A long-term goal for this propellant delivery service is to transition to a reusable launch system, as mentioned above, that includes built-in reusable propellant tanks. Crew Transfer Vehicle. This configuration for the reusable Crew Transfer Vehicle shows a crew cabin and docking mechanism in the nose behind an open spherical heat shield, the remainder of the crew cabin behind payload bay doors, and an open bay for payloads that includes a human Free-Flyer servicing vehicle.

The CTV has a dry-mass of ~15,200 kg. A mass budget was calculated to include a 6,000 kg propulsion system, 4,200 kg for the human systems including crew cabin and servicing equipment, and 5,000 kg for the aero capture system including a nose cap and tail flare.
Figure above illustrates the conceptual layout envisioned for the CTV. Since it is designed for aero capture maneuvers, when in its closed configuration, it can be launched on an ELV without a payload fairing. The crew cabin can vary in size from that shown, and the docking port arrangement can be in the nose and/or the topside payload bay area. Both are shown in Figure 4 to illustrate the flexibility available with this configuration. The forward docking mechanism is exposed when the spherical heat shield is opened up, which facilitates docking maneuvers at the depot and facilitates multiple vehicle configurations for future deep space missions out of the L1 Depot. Large forward facing windows with sunshields are also illustrated. On the topside with the payload bay doors open is a docking port that is sized to match an ISS payload hatch. This configuration would allow the transfer of large ISS rack-sized payloads in an out of the CTV for transfer to other destinations at L1 as the infrastructure grows. Behind the crew cab is a human Free Flyer4 vehicle docked to a port for use in servicing other vehicles in space. This is an option proposed in lieu of, or in addition to, traditional EVA as done from the ISS.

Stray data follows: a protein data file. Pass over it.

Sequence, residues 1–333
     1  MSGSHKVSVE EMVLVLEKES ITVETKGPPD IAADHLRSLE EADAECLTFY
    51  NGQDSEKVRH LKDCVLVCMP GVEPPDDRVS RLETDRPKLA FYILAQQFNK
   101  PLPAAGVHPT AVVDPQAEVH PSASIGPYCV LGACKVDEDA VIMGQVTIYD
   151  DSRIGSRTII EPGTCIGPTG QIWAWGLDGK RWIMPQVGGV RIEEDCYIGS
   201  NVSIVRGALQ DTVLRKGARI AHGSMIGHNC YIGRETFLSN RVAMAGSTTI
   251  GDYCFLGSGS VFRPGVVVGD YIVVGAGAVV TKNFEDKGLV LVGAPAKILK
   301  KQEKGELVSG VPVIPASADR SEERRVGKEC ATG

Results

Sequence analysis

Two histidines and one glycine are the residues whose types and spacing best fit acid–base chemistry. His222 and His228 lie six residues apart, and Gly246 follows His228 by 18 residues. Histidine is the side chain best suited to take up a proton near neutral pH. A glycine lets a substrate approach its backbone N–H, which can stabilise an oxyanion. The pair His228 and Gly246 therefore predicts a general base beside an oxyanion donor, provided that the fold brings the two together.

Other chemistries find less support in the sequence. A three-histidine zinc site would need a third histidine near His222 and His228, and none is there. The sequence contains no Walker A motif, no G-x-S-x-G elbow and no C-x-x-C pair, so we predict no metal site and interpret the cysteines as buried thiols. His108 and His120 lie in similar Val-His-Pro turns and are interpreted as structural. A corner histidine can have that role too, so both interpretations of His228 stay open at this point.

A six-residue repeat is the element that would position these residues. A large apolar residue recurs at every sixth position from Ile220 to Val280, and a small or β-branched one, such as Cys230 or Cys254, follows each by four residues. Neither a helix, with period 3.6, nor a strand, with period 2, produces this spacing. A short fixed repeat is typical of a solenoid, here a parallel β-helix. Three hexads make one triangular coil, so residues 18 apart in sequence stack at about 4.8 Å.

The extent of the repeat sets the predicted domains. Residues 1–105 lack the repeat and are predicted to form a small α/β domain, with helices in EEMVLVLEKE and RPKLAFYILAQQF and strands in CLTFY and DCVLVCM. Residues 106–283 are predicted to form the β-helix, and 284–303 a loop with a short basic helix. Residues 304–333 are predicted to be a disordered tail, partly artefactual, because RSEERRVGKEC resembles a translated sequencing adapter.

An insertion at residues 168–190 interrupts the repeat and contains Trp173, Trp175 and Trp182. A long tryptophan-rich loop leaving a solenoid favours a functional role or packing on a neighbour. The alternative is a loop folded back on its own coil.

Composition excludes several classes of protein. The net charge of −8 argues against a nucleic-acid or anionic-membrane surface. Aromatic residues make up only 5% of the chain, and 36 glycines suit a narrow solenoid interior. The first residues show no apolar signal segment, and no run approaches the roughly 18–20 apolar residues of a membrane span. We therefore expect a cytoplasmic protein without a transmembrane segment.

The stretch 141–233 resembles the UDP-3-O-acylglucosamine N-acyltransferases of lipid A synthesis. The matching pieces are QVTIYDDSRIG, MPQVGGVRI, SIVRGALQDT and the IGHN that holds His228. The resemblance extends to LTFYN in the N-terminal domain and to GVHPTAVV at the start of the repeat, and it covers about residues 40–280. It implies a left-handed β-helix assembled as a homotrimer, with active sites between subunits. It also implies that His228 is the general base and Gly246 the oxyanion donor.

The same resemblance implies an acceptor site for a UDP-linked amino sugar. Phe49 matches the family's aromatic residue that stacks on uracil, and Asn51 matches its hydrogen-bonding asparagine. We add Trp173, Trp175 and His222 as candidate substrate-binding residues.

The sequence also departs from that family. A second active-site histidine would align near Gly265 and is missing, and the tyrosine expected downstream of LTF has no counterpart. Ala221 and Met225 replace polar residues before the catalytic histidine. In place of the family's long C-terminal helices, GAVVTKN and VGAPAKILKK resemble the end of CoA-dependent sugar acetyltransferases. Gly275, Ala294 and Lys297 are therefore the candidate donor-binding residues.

The color-coding on the sides of the CTV indicates the approximant sizes of the large LH2 tank and smaller LOX tank supplying a reusable propulsion system at the aft end. Propellant transfer mechanisms to resupply these tanks with cryogenic propellants are not shown, and are a point for further research and development of this design. Conceptually, propellant transfer could be done through feed lines at the forward docking port, separate feed lines between the LH2 and LOX tanks, or a separate docking port at the aft end. These options will need further trades for safety and on-orbit operations considerations.

Lunar Lander. This configuration for a reusable Lunar Lander shows a crew cabin at the forward end with four landing engines behind each of the four deployed landing legs. Two orbital transfer and descent engines are located at the aft end.
Cargo Lander. This configuration for a reusable Cargo Lander utilizes two standard crew Landers without the crew cabin at the forward end. The payload is suspended from a truss structure between the two vehicles.

Deep Space Habitat Cut-Away View. This configuration for a Deep Space Habitat is about the size of the ISS Lab and Node modules combined. It includes ISS type racks, an internal airlock, and docking ports at each end and on the sides at the airlock location.
CREDIT: Johnson Space Center Engineering Directorate / L-8: In-Situ Resource Utilization Capabilities  by Jerry Sanders, November 2016.